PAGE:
150 years ago today John Murray published Charles Darwin's book On the Origin of Species by Means of Natural Selection. This is the last of three Darwin anniversaries spanning 18 months, a period of celebration we've been calling Darwin200 here in the UK.
For me, as both director of science for this here Beagle Project and also the science coordinator for the Natural History Museum's Darwin200 campaign, it's been pretty much all Darwin all the time for the entire time. I confess to having succumbed a little to Darwin fatigue – I don't get quite as excited as I used to at the sight of a First Edition of On the Origin of Species for example, and I worry that any Darwin-related projects or stories proposed for the next few years will suffer from unfair backlash ('Oh this is a Darwin project? Wasn't the anniversary in 2009?').
And this has got me thinking: what will be the legacy of these celebrations? What, if anything, have we done that will have a lasting effect on the academic and/or public consciousness? Some of the Darwin200 projects have involved permanent installations – Andrew Smith's young Darwin statue at Christ's College in Cambridge is a literally gleaming example – but many more have been of a more ephemeral sort: conferences, plays, musical performances, special exhibitions, etc. As good as these have been, they're over now.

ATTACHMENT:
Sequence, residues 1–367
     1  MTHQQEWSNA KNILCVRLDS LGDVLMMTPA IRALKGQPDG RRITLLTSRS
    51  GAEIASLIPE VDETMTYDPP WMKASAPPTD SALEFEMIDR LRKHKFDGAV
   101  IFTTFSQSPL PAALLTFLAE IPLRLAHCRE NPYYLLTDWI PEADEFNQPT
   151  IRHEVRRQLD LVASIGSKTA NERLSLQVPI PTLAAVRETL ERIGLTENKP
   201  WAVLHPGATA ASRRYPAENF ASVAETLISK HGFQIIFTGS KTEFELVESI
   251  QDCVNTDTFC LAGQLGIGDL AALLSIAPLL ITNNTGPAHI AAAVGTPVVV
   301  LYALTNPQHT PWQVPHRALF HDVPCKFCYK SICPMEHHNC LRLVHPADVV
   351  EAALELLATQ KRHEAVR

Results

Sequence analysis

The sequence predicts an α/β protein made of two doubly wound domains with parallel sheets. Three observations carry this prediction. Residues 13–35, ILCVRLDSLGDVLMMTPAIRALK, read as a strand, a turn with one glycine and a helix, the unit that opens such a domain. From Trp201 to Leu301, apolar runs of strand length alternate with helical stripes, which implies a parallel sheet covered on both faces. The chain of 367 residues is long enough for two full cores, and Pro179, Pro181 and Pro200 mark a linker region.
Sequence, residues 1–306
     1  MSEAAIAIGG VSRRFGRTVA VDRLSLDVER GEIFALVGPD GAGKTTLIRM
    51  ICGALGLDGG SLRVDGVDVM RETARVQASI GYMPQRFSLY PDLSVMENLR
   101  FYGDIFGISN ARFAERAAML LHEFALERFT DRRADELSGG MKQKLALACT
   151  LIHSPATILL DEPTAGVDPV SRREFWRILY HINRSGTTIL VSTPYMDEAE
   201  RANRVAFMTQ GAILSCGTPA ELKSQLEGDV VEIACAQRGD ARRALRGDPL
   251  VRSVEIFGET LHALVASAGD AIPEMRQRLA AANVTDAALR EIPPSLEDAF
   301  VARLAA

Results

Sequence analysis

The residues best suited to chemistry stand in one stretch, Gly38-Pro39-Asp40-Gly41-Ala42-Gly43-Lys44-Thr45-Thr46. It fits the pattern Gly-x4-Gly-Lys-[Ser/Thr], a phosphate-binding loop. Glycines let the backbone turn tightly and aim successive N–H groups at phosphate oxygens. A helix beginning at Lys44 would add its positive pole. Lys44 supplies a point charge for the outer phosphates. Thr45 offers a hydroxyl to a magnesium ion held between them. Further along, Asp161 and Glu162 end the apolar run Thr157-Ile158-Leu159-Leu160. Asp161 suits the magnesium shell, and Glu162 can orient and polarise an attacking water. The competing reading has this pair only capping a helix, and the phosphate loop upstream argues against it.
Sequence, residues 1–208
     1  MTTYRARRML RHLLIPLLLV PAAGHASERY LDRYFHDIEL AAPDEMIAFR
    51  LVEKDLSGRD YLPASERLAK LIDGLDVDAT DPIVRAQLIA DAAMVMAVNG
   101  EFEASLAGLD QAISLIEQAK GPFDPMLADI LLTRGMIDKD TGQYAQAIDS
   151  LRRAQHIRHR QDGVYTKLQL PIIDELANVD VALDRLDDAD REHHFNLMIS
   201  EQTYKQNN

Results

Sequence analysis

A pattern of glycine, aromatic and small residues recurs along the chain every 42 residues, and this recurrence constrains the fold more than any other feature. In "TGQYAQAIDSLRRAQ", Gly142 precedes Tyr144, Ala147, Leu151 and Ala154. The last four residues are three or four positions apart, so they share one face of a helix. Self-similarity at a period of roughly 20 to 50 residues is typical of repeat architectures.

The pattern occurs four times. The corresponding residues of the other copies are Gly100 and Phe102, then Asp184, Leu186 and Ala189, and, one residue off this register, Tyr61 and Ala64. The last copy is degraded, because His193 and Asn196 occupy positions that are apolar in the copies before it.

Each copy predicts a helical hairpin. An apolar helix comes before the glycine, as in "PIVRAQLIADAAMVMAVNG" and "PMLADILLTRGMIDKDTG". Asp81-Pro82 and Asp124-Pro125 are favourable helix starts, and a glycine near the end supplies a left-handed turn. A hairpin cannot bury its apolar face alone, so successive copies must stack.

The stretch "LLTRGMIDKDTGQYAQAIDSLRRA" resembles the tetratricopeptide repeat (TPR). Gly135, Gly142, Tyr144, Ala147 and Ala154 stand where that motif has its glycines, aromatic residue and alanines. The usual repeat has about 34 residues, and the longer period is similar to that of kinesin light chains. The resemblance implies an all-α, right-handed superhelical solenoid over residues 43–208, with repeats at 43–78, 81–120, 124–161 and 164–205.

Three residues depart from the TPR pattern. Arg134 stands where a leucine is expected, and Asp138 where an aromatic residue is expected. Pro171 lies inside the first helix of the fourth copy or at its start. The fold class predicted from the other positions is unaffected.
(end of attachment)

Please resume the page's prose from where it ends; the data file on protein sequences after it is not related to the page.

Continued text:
One solution is to immediately embark on yet another commemoration, another 'Year of [insert scientist's name or scientific discipline here]'. Directly on the heels of Darwin200, many of that group's partners will be smoothly transitioning to the International Year of Biodiversity. But if I've learned one thing from Darwin200 it's that it will be over before we know it. It's time for some legacy-thinking. By that I mean creative thinking – and action to go with it – about how to capture and extend the momentum of these commemorations beyond their sell-by dates.
We believe that The Beagle Project, though indeed initiated during the build-up to 2009, will bear Darwin's legacy well into the future, without hinging on any special day, month, year or even decade. Our vision is a project that will generate and maintain enthusiasm for science and the natural world not only by commemorating the achievements of the past but by creating the opportunity for new adventures and the discoveries that will change our future.